What is it?

Amid the era of endless zoom meetings and classes we currently endure, we are unable to physically gather together as we would annually. Kole aku kole mai is our attempt to create a safe space where we can converse and share what is happening in our communities globally. What does Kole aku kole mai mean? In ʻōlelo Hawaiʻi, Kole is commonly known as a tasty and desirable reef fish. However, when reduplicated, kolekole is an informal talk story. With its directionals, Kole aku kole mai becomes a reciprocation of stories we share amongst each other! 

Participants and Speakers:

In this new series so far, we hosted a total of three webinars! We were honored to host friends Cynthia Ford and Rosa Laucci and team from the
Tolowa De-ni’ nation. They spoke to their Indigenous marine stewardship practices and how they utilize ancestral knowledge to inform their Harvest Title and how they are building enforcement capacity. 

In our second webinar , we were joined by the wonderful Tamara Archie of Qwelminte Secwepemc in British Columbia. Our dear Tamara shared
how their various nations navigate “walking in two worlds,” and protect natural resources through the modernity of western science with the guidance of their traditional practices. She spoke to the importance of the way we recognize one another and how this plays a vital role in our advancement into the future. 

Most recently, prominent land and water advocates and founders of the Indigenous World Forum on Water and Peace, Darlene Sanderson and Mona Polacca left our network gathering inspired to further their mission leading various Indigenous communities in exercising sovereignty through water declarations. As Indigenous peoples, we understand the vitality of our water sources in our daily and spiritual existence. This however is not understood by many who continuously over-exploit and threaten the existence and quality of our sacred sources that give us life. These declarations are proclaimed in the nationʻs native tongue and express that there is no separation between ourselves and wai and that its perpetual existence and purity is necessary for future generations.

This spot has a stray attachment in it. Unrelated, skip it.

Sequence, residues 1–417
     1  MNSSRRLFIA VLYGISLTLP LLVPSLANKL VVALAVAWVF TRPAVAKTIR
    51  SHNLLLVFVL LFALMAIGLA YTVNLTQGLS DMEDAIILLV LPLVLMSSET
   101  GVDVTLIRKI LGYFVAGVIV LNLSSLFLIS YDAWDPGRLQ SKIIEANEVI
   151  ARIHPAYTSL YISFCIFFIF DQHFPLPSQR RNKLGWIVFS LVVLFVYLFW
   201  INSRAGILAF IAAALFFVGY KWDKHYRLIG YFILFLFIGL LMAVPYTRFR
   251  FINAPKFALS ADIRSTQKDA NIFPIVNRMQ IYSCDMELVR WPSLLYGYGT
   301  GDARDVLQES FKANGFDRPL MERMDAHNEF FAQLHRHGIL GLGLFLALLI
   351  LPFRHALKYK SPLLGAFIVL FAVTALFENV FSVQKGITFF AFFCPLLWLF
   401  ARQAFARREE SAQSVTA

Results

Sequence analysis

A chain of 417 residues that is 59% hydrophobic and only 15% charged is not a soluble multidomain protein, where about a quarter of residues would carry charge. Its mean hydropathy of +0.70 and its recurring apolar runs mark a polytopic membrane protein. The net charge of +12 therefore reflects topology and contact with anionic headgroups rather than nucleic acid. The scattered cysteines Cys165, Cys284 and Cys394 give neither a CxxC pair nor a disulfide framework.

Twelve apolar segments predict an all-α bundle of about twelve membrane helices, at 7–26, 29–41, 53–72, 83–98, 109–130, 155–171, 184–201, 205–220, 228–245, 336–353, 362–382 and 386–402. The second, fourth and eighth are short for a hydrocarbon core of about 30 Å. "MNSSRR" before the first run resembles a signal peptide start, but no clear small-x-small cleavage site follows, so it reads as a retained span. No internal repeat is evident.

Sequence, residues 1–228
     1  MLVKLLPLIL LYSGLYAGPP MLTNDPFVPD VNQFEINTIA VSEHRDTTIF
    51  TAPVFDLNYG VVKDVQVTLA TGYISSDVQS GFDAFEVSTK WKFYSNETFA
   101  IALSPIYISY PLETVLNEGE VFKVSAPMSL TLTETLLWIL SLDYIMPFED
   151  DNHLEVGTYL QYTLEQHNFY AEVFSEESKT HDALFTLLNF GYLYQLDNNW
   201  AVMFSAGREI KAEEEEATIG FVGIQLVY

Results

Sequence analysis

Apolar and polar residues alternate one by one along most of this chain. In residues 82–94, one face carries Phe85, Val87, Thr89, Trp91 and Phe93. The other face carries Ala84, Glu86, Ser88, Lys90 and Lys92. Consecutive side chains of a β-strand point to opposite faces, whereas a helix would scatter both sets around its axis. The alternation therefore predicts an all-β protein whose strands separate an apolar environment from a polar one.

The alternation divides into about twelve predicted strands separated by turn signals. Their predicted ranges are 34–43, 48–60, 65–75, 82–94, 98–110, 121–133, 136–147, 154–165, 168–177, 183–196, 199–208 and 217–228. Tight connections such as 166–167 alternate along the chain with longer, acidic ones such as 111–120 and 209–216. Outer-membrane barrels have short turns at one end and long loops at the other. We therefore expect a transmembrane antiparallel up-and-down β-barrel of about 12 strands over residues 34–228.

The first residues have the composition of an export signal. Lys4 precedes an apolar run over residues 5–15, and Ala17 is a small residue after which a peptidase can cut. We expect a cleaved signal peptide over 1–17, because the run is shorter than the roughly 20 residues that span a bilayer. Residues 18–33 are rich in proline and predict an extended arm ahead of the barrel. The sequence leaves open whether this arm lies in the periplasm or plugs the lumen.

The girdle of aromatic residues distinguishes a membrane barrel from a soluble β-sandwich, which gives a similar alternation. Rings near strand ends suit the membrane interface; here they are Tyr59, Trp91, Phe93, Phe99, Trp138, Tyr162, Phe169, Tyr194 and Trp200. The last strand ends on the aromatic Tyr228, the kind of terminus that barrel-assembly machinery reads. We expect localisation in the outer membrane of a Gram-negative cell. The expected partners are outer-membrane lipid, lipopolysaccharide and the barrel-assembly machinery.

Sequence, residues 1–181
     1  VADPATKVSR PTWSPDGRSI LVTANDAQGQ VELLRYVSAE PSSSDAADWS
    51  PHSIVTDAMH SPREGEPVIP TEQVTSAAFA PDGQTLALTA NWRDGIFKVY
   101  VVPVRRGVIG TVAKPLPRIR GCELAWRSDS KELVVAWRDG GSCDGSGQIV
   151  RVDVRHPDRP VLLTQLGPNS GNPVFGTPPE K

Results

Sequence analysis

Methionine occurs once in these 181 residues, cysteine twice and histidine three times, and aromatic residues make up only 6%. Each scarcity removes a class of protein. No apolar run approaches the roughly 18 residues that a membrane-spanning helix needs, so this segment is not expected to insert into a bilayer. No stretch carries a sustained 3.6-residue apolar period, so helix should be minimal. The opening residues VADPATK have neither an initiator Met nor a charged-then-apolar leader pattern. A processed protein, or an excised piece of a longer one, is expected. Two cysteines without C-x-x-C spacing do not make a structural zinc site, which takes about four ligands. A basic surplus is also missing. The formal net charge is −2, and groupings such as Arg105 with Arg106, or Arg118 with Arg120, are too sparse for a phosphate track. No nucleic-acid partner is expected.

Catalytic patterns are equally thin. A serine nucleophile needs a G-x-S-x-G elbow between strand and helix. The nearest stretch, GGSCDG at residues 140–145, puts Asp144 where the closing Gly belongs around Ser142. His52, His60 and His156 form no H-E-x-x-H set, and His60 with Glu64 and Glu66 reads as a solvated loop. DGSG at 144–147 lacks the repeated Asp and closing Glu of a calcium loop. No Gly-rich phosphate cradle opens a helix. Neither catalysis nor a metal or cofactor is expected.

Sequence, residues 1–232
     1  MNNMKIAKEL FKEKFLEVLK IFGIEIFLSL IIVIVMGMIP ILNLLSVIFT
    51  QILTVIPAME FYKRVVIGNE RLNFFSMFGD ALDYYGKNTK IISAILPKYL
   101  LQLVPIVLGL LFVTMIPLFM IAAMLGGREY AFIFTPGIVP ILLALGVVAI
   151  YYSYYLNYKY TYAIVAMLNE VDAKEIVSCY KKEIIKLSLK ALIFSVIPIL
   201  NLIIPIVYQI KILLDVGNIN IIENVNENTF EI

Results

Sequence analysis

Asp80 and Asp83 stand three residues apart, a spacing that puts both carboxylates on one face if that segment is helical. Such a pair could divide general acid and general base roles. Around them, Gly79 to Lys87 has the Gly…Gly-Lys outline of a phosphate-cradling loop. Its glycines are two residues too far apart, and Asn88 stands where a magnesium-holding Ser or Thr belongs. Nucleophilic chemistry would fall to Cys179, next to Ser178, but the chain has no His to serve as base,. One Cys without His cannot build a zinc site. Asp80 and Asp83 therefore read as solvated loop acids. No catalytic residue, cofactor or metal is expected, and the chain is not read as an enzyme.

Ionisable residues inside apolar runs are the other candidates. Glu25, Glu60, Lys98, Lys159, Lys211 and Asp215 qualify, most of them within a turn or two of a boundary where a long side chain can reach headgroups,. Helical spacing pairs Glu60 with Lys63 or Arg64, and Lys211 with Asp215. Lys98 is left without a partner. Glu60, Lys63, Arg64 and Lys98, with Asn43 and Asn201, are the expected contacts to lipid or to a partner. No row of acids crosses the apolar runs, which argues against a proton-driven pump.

Their empowering experiences with the Tsilhqot’in Nation Water Declaration they shared have challenged our network to envision a water declaration of our own that would demonstrate our pilina to wai. Without water, there is no life! #Olaikawai #Shutdownredhill 

Kole aku kole mai serves as a powerful reminder to us that we are not alone in our experiences. We are resilient and continue to stand in unity with our Indigenous communities across our beloved honua. Stay in touch with our monthly webinars to hear more from friends and those we are connected to along the way! 

View past Kole aku kole mai episodes here: Kole Aku Kole Mai

A hiki i ke aloha ʻāina hope loa, 
Kalehuakea Kelling 

Kalehuakea is a soon-to-be graduate of Political Science and ʻŌlelo Hawaiʻi and a first-year Masterʻs candidate in Political Science from the University of Hawaiʻi at Mānoa. Her roots to ʻāina in Hawaiʻi stem from her various ʻohana experiences on kuleana lands in ʻIolekaʻa and throughout her primary education as a graduate from Ke Kula ʻo Samuel M Kamakau, a PreK-12 Hawaiian medium charter school. Kalehuakea continues to cultivate her aloha to ʻāina in her work with Kuhiawaho and academic areas of interest that include but is not limited to: cultural resource management, ʻike and ʻŌlelo Hawaiʻi, and demilitarization.



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